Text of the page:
Many programs may not sponsor Visas for foreign IMGs. If you need one, you should only apply to programs that do sponsor them, otherwise you will be spending money on applying to programs that won’t likely rank you. Sponsoring a Visa can be a lot of work and money for a program, so even if a program sponsors them, they may not prefer it. Therefore, if you are a foreign IMG (including Canadians), then you should apply to even more programs than your average US IMG. I recommend at least 100. Again you can search for programs that sponsor visas via Match A Resident, or simply go to the program’s website and look for that information.

Here, I’ve created a chart of the median number of programs applied to and median number of interview invitations received by matched US medical graduates and matched independent applicants, which include US IMGs, foreign IMGs, and DO graduates.  Notice that competitive specialties require more applications than less competitive specialties to get the same number of interview invites. Also note that independent applicants need to apply to significantly more programs than US grads and often get less interview invitations on average. This data is taken from the 2013 NRMP Applicant Survey.

Specialty Applications Interviews Applications Interviews
Anesthesiology 30 15 50 8
Child Neurology 18 15 45 10
Dermatology 72 10 85 6
Emergency Medicine 33 17 40 8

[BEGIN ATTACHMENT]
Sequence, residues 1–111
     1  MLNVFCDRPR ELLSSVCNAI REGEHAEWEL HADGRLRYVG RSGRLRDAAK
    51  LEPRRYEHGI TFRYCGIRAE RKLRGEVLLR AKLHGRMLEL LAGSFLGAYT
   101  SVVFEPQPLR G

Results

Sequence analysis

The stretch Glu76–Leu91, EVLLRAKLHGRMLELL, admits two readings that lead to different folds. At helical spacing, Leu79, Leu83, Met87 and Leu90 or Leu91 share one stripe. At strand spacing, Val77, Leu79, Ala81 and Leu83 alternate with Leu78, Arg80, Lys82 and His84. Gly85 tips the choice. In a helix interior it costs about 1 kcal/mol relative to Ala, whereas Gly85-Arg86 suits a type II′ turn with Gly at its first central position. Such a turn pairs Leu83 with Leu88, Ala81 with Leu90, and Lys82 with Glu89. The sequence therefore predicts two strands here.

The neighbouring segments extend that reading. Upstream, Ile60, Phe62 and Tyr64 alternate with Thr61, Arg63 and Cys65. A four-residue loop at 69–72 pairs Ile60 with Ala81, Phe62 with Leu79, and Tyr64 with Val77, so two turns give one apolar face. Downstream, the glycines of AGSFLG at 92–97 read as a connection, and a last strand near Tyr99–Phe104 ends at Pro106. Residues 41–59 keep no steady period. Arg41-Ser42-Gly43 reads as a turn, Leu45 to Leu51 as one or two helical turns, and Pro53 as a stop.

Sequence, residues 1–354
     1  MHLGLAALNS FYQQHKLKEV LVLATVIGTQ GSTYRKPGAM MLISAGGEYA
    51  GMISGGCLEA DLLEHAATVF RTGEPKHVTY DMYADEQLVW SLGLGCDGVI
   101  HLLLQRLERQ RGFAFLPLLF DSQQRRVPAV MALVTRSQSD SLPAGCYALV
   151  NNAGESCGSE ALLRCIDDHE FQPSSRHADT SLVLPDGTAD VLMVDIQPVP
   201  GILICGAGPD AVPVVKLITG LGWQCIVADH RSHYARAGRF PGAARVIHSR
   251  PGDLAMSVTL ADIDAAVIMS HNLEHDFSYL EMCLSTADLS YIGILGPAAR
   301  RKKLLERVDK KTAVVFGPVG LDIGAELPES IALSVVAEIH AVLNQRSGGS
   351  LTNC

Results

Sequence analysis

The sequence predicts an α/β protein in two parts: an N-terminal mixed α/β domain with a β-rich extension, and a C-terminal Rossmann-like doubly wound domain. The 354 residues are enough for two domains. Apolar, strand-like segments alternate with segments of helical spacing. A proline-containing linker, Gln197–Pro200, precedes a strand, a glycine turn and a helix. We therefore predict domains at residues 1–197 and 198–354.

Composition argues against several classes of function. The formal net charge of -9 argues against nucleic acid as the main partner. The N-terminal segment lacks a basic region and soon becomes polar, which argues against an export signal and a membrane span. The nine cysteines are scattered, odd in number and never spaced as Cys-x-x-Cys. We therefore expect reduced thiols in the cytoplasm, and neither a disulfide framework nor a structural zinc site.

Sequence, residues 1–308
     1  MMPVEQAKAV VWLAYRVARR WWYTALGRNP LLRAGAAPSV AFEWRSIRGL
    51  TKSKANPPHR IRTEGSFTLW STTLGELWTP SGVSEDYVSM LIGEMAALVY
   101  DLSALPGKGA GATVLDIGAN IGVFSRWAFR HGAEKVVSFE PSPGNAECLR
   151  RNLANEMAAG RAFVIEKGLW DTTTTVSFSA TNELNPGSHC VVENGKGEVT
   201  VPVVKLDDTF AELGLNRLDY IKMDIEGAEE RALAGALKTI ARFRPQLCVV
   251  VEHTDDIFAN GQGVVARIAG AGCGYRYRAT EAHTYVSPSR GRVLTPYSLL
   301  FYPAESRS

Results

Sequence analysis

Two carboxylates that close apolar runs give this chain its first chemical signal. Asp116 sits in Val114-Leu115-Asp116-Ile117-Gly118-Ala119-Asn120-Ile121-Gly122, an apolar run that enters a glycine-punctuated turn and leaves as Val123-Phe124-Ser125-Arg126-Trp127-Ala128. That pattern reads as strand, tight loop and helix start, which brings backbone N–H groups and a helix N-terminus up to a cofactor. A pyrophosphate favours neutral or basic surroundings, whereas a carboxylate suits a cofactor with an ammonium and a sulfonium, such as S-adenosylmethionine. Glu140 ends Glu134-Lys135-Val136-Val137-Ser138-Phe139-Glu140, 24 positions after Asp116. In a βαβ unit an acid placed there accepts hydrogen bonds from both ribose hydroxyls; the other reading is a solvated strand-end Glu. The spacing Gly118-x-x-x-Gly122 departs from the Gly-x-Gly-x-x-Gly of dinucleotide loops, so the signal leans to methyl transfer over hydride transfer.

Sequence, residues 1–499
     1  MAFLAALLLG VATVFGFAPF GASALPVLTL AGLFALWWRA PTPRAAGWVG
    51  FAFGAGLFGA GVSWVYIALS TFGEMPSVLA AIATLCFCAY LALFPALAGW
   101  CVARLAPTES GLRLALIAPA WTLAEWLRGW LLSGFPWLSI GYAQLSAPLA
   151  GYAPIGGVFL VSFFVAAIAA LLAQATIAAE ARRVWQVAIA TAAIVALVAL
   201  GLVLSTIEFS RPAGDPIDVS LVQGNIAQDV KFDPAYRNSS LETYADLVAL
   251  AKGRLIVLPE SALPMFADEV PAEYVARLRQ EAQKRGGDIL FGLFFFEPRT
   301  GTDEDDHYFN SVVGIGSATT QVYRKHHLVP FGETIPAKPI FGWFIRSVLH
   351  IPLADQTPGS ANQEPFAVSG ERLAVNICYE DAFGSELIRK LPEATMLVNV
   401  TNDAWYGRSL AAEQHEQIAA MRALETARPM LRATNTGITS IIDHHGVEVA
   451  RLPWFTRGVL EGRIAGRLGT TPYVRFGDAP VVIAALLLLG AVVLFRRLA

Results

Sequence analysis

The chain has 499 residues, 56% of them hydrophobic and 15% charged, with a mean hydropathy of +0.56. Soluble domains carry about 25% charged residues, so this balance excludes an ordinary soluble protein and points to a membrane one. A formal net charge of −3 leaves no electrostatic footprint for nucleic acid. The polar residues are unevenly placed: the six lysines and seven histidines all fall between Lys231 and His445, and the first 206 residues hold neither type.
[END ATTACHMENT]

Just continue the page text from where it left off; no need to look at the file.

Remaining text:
Family Medicine 17 14 50 8
Internal Medicine 25 15 94 9
IM/Peds 22 15 40 11
Neurology 20 15 50 9
Neurosurgery 46 22 91 12
Ob/Gyn 30 16 47 12
Orthopedic Surgery 62 16 60 7
Otolaryngology 56 15 89 4
Pathology 20 14 50 8
Pediatrics 22 15 50 10
PM&R 25 16 30 12
Plastic Surgery 53 18 55 3
Psychiatry 20 14 45 8
Radiation Oncology 56 16 63 6
Radiology 45 20 50 8
Surgery 38 16 77 4
Transitional Year 25 15 30 2

So the average US medical school applicant who matched in Family Medicine applied to 17 family medicine residency programs and received 14 invitations for interviews.  In contrast, the average IMG/DO applicant who matched in Family Medicine applied to 50 programs and received 8 invitations. Therefore to increase your chances to get the same number of invitations as your US MD counterparts, you’ll have to apply to around 100 programs. Remember, this chart just shows the median number applications submitted and median number of interview invitations received for those who matched. Those who did not match received even less interview invitations. There is a much wider range of numbers than those found on the chart, depending on the four factors I’ve elucidated above.

After interviews are all over, I would recommend ranking all the programs that you interviewed at, unless there is a program that you disliked so much that you’d rather wait a year to reapply than match there. Ranking less spots does not make you more likely to match in those spots. Only one rank is needed to match, and there are certainly candidates who have matched with only ranking one program. However, that doesn’t mean you’re guaranteed a match with 1 rank. You’re also not guaranteed a match with 20 (the max number you can rank). Ultimately, what is important is the quality of the interview, rather than the quantity. If a candidate is lucky and gets 20 interviews, but acts awkward, unprepared, and uninterested in all them, his/her chance of matching probably won’t be as high as the person who had 1 interview but blew the interviewers out of the water. However, NRMP statistics do positively correlate number of interviews or ranks to likelihood of a match. Therefore, generally speaking, the more the better.

Best of luck everyone!


Links for Residency Interview and Match